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Chapter 4 SPEED - A Real Time Protocol for Communication SPEED is a real-time communication protocol for sensor networks[7]. It provides 3 types of real-time communication services, namely, real-time unicast , real-time area-multicast and real-time area-anycast. In real-time unicast data is sent to a specific sensor node (Data sent to Base Station from a sensor node). In real-time area-multicast data is sent to an area in the sensor network (Base station queries an area). In real-time area-anycast the destination is any one node in an area. SPEED supports soft real-time based on feedback control and stateless algorithms. SPEED utilizes geographic location to make localized routing decisions. But SPEED also handles congestion and provides soft real-time which location based protocols do not. Route discovery broadcasts in reactive routing algorithms can lead to significant delays in sensor networks. This makes on-demand algorithms less suitable for real-time applications. SPEED maintains only immediate neighbor information. It does not maintain a routing table nor per-destination states. Hence it’s memory requirements are minimum. SPEED does not use any information related to deadlines. Instead it provides realtime guarantees by providing a uniform packet delivery speed across the sensor network so that the end-to-end delay of the packet is proportional to the distance between the source and destination. SPEED does not require specialized MAC support and can work with existing best effort MAC protocols due the feedback control scheme that it employs. All distributed operations in SPEED are highly localized meaning that any action invoked by a node will not affect the system as a whole.

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Chapter 5 Conclusion Sensor Networks are different from other ad hoc networks and hence require specialized protocols for communication. To provide real-time guarantees the protocol must be specifically designed with real-time guarantees in mind. We have briefly introduced the communication in a Sensor network and have presented various issues that affects for real time communication in such networks. We have discussed the basic architecture of a Sensor Network and looked at various categories of routing protocols. We have also discussed a protocol called SPEED, which guarantees soft-real time guarantees and hence is very much suitable for real-time communication in sensor networks.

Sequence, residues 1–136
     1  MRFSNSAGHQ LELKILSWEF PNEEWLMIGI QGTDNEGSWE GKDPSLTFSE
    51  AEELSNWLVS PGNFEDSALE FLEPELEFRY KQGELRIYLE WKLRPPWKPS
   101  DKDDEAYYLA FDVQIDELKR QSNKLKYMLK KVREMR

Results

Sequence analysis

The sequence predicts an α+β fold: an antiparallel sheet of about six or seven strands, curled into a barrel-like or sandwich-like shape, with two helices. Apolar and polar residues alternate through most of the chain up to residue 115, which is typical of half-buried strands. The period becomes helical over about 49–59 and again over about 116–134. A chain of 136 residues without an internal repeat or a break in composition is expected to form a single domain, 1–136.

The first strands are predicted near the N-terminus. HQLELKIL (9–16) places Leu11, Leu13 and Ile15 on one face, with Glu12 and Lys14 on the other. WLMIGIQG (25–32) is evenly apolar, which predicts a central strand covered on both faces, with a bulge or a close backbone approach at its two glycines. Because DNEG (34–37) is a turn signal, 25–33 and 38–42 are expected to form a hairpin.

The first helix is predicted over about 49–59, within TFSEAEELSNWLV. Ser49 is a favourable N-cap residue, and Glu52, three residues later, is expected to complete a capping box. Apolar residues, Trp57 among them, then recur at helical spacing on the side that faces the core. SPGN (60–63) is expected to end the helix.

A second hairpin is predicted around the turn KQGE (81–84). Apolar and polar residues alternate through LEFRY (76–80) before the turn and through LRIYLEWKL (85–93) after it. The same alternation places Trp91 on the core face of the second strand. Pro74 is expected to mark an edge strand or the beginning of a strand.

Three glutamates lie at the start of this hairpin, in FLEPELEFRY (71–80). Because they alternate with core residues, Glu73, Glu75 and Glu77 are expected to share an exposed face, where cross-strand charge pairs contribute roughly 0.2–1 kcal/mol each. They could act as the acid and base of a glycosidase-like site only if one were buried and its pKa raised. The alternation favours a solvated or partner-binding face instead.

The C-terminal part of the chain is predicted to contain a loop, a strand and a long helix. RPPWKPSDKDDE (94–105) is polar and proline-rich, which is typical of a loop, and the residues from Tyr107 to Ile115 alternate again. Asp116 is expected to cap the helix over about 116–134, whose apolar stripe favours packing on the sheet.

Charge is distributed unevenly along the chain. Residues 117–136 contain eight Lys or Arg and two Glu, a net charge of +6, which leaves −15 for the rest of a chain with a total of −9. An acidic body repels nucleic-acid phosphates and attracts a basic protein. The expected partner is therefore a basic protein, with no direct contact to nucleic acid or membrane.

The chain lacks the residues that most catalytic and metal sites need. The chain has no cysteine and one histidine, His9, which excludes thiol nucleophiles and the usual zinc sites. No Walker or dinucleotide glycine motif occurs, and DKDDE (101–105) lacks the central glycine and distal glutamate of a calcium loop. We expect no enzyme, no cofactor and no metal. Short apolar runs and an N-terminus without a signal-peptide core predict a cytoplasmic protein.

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References [1] John a. Stankovic, Tarek F. Abdelzaher, Chenyang Lu, Lui Sha, and Jennifer Hou. Real-Time Communication and Coordination in Embedded Sensor Networks. July 2003. [2] Tarek F. Abdelzaher, John A. Stankovic, Sang Son, Brian Blum, Tian He, Anthony Wood, and Chenyang Lu. A Communications Architecture and Programming Abstractions for Real-Time Embedded Sensor Networks. May 2003. [3] Ian F. Akyildiz, Weilian Su, Yogesh Sankarasubramaniam, and Erdal Cayirci. A survey on Sensor Networks. pages 102–114, 2002. [4] B.Karp and H.T. Kung. GPSR : Greedy Perimeter Stateless Routing for Wireless Networks. August 2000. [5] Chee-Yee Chong and Kumar S. P. Sensor Networks : evolution, opportunities and challenges. 91(8):1247–1256, August 2003. [6] Tian He, John A. Stankovic, Chenyang Lu, and Tarek F. Abdelzaher. IEEE Transactions on Parallel and Distributed Systems(To appear),. [7] Tian He, John A. Stankovic, Chenyang Lu, and Tarek F. Abdelzaher. SPEED : A Stateless protocol for Real-Time Communication in sensor Networks. May 2003. [8] Chenyang Lu, Brian M. Blum, Tarek F. Abdelzaher, John A. Stankovic, and Tian He. RAP : A Real-Time Communications Architecture for Large-Scale Sensor Networks. September 2002. [9] Yogesh Sankarasubramaniam, O. B. Akan, and Ian F. Akyildiz. ESRT : Event-To-Sink Reliable Transport in wireless sensor networks. pages 177–188, June 2003.

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Real Time Communication In Sensor Networks

Wireless Sensor networks represent a new generation of Real-time systems with ... biological detection, domestic security systems like intruder detection ...